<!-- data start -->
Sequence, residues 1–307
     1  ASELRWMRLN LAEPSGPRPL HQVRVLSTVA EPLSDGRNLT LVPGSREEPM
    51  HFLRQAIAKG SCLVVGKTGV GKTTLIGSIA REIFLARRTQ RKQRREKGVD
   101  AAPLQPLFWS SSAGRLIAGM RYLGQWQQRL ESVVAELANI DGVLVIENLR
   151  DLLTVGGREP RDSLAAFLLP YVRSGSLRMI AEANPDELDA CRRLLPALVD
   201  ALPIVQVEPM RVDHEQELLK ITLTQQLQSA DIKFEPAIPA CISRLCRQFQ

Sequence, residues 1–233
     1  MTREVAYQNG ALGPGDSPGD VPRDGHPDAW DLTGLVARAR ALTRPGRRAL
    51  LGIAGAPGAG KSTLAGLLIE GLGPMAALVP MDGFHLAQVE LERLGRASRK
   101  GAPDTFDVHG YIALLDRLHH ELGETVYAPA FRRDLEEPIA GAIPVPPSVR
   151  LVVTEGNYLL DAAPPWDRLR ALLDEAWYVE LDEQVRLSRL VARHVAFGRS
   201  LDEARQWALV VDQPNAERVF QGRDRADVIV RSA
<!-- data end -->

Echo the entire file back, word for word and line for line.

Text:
Sequence, residues 1–307
     1  ASELRWMRLN LAEPSGPRPL HQVRVLSTVA EPLSDGRNLT LVPGSREEPM
    51  HFLRQAIAKG SCLVVGKTGV GKTTLIGSIA REIFLARRTQ RKQRREKGVD
   101  AAPLQPLFWS SSAGRLIAGM RYLGQWQQRL ESVVAELANI DGVLVIENLR
   151  DLLTVGGREP RDSLAAFLLP YVRSGSLRMI AEANPDELDA CRRLLPALVD
   201  ALPIVQVEPM RVDHEQELLK ITLTQQLQSA DIKFEPAIPA CISRLCRQFQ

Sequence, residues 1–233
     1  MTREVAYQNG ALGPGDSPGD VPRDGHPDAW DLTGLVARAR ALTRPGRRAL
    51  LGIAGAPGAG KSTLAGLLIE GLGPMAALVP MDGFHLAQVE LERLGRASRK
   101  GAPDTFDVHG YIALLDRLHH ELGETVYAPA FRRDLEEPIA GAIPVPPSVR
   151  LVVTEGNYLL DAAPPWDRLR ALLDEAWYVE LDEQVRLSRL VARHVAFGRS
   201  LDEARQWALV VDQPNAERVF QGRDRADVIV RSA